My Mexican railroad would be a freelance short line, located just south of the Arizona border. It would include a silver mine to provide online traffic, a small village with a depot and homes made of adobe, and a prominent Catholic church. The railroad would be named the Ferrocarril Minerales de Santa Lucia, or, in English, the Saint Lucia Mineral Railroad, in honor of my wife, Lucia.

The trackplan for the FCM de STL would be simple; a reverse loop at each end of a mainline connecting the two, with a spur for the mine, a passing siding, and a couple of sidings in the town of Santa Lucia. The layout would be located along one wall of the basement, with one of the reverse loops hidden in a separate room that houses my workshop.

Construction begins

First, I built an area of oak bookshelves along the wall for my collection of hobby magazines, books, videos and other reference materials. On top of the bookshelves I attached 1″ x 4″ L-girders topped by v” plywood.

I used code-332 brass Aristo-Craft track, which is laid on top of three parallel strips of 0-scale cork roadbed for sound deadening and to give it a slight ballast profile. Arist-Craft switches are controlled by choke cables that run out to the fascia board on the edge of the layout. These cables use a simple, wooden knob epoxied to the end of the cable to move the switch points back and forth. Track wiring was also kept simple with only three blocks: the two reverse loops and the mainline in between. Several sidings can be controlled by on/off switches. Power is provided by an Aristo-Craft Train Engineer radio-control system. It has proved to be reliable and easy to use.

Creating the landscape

Before I started scenery, I wanted to paint a backdrop on the wall behind the layout that would depict the typical Sonoran desert area of southern Arizona and northern Mexico. First, I primed the sheetrock walls, then followed up with a coat of sky-blue flat latex paint. I wanted to convey the bright, strong colors of the desert and, while not an accomplished landscape artist, I was satisfied with the end result.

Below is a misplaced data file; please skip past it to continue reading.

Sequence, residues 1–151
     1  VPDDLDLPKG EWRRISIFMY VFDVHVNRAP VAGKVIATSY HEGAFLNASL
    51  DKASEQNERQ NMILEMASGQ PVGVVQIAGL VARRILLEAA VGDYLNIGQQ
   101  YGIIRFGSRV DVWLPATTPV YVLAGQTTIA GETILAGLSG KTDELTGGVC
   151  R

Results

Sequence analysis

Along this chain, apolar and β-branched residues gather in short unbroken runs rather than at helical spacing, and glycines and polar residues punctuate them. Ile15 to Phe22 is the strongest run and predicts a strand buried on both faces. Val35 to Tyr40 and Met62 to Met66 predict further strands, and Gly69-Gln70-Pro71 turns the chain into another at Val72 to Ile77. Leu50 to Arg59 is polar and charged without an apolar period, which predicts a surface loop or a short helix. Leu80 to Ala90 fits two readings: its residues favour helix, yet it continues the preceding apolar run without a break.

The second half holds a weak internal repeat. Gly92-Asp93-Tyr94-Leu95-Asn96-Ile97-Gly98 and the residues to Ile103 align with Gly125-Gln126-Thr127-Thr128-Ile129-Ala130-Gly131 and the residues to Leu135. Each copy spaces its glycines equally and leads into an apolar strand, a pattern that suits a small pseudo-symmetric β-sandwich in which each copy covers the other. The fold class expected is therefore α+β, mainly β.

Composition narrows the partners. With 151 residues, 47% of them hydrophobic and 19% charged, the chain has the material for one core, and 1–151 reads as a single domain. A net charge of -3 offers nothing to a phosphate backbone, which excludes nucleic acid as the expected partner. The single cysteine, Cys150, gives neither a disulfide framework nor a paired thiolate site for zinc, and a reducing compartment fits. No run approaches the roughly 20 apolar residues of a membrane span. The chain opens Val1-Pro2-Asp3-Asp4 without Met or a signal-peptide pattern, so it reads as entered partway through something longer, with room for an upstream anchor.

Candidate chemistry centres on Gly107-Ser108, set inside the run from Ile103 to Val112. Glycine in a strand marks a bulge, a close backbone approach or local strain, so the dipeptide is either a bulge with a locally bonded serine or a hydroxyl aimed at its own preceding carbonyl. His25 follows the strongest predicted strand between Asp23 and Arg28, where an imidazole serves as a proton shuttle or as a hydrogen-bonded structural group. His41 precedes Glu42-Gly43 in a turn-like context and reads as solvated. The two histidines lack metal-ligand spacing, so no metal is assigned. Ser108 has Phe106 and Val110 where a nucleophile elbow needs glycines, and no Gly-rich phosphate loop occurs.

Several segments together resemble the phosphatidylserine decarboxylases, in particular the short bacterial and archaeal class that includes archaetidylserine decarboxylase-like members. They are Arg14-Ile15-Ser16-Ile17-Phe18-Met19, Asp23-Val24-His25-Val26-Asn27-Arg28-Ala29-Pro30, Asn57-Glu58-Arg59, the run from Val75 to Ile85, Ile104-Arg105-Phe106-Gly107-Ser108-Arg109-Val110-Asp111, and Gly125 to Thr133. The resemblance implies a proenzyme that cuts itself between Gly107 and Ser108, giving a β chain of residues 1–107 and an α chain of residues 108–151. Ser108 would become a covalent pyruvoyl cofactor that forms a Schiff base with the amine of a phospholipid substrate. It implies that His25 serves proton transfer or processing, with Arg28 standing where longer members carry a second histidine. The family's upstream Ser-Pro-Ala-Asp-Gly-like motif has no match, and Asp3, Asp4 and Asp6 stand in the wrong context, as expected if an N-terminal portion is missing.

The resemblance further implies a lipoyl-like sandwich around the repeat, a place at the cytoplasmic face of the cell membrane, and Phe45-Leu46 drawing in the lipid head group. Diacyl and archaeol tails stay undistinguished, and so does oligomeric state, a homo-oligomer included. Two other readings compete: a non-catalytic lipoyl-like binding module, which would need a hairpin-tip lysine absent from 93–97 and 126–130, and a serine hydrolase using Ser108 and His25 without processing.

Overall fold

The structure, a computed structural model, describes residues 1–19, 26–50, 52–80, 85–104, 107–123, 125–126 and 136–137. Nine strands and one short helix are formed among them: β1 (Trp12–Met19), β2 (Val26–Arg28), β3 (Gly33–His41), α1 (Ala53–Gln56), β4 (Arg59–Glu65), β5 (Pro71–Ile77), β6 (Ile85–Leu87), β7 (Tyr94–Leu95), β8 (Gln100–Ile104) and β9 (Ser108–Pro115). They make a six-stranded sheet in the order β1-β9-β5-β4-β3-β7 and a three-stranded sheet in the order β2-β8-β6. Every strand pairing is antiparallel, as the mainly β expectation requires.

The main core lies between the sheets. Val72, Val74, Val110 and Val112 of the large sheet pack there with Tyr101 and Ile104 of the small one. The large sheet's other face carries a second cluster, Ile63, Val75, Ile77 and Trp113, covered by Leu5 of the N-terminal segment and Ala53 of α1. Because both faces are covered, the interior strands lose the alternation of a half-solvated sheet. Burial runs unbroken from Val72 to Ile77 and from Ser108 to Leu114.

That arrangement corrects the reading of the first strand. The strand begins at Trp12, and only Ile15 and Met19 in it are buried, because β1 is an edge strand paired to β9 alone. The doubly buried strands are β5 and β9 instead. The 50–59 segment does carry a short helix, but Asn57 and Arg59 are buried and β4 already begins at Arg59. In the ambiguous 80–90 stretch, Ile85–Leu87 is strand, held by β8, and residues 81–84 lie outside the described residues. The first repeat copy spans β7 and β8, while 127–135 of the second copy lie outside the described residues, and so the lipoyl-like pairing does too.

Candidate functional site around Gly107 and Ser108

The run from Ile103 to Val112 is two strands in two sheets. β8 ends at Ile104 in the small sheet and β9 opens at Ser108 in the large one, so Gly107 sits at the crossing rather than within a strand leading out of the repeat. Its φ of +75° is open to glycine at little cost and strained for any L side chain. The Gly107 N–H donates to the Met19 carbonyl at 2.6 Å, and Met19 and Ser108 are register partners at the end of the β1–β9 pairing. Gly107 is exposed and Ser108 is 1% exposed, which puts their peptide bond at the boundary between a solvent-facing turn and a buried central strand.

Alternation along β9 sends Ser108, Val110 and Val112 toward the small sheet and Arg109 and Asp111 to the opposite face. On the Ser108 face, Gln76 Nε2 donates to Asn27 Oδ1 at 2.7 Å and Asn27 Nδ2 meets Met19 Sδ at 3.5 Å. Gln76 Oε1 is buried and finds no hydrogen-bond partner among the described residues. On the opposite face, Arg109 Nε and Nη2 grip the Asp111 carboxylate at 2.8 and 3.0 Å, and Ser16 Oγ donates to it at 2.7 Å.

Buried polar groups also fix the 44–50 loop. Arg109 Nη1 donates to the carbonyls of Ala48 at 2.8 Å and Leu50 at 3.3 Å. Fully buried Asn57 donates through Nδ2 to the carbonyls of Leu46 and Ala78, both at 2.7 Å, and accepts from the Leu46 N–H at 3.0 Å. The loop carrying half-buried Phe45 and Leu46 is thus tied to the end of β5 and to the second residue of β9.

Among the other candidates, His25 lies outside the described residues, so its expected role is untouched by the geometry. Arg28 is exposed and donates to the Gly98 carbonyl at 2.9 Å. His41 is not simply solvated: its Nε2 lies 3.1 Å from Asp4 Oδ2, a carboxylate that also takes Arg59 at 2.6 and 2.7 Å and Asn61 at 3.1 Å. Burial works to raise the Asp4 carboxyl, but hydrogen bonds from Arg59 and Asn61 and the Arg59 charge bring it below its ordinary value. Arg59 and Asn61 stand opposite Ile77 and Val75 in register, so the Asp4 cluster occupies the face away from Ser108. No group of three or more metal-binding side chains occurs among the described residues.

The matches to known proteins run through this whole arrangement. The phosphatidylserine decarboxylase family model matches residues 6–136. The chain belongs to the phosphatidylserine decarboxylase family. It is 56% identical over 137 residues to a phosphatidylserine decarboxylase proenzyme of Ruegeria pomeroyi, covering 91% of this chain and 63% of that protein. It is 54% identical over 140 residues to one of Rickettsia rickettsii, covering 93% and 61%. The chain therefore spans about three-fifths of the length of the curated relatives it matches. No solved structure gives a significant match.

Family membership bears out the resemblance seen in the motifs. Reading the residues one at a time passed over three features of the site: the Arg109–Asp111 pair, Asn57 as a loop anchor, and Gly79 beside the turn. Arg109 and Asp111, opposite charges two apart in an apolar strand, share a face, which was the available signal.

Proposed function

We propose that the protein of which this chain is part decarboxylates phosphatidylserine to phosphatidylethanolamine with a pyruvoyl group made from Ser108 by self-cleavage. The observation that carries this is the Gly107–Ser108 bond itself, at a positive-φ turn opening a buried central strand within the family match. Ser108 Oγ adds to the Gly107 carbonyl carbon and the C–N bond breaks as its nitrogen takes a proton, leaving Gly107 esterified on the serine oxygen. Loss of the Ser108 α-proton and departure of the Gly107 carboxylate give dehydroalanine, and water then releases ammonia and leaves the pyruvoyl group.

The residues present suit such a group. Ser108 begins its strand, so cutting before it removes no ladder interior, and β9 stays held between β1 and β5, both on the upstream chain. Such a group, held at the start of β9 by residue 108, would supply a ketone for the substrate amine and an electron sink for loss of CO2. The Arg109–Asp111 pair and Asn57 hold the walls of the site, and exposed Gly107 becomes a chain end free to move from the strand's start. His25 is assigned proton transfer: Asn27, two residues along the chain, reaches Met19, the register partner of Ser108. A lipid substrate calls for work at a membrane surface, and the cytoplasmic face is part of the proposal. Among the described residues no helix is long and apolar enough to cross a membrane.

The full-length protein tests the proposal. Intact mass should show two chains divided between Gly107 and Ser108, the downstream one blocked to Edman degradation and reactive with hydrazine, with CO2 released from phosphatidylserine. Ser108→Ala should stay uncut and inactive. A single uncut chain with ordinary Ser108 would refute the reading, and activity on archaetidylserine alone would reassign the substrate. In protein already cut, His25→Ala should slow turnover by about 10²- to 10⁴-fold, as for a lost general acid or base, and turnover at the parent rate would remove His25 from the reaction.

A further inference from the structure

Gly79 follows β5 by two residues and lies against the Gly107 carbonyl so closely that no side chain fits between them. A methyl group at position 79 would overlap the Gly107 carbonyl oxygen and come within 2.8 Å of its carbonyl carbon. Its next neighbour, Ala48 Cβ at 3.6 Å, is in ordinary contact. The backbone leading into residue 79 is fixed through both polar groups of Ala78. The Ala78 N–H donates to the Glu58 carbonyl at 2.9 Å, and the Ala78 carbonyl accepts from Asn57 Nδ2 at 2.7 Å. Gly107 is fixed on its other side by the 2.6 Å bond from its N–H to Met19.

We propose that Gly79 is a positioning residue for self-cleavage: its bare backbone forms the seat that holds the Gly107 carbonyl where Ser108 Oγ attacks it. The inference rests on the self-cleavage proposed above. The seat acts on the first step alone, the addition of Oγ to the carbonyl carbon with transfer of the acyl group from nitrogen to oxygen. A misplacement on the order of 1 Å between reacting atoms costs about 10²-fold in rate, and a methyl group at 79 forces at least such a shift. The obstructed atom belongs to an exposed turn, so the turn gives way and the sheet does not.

My approach to scenery is not much different than that which most indoor modelers use today. For the general landform, I crumple up newspapers and hold them in place with staples and masking tape. Everything is covered with wet plaster cloth and a coating of molding plaster or plaster of Paris. The final covering is a mixture of dry plaster, dirt, and broken up plaster bits to represent talus slopes and small rocks. Everything is wetted down with water from a spray bottle and allowed to dry. Larger rock outcrops are modeled with an application of wet plaster of Paris and hand carved. I have found that plaster of Paris or molding plaster is strong enough for almost all scenery work and I’ve never felt the need to use Hydrocal plaster.

I color my plaster scenery with acrylic paints thinned in water and applied them with spray bottles. Ground foam, along with natural weeds, represent grass, brush, small trees, and various types of cacti. It’s all held in place with a 50/50 mixture of white glue and water. The layout is populated with over 50 modified Lemax Christmas figures (available during the holiday season in my part of the country). Though Dickensian in character, they are cast resin, so can be easily modified by grinding off unwanted details, changing the position of arms and legs, adding styrene sombrero-style hats, and repainting. They really add to the Mexican look of the layout.


With the exception of the large Catholic church, which is a modified Pola kit, all structures are scratchbuilt. The silver mine, ore bin, and hoist house are built using pre-stained balsa-wood framing, much like real buildings would be framed. I used CA cement to assemble the buildings. The exterior sheeting is birch stripwood from the doll house section of a hobby store, and is pre-stained before being applied. Windows are by Grandt Line. Each building has complete interior detailing and working interior and exterior lights.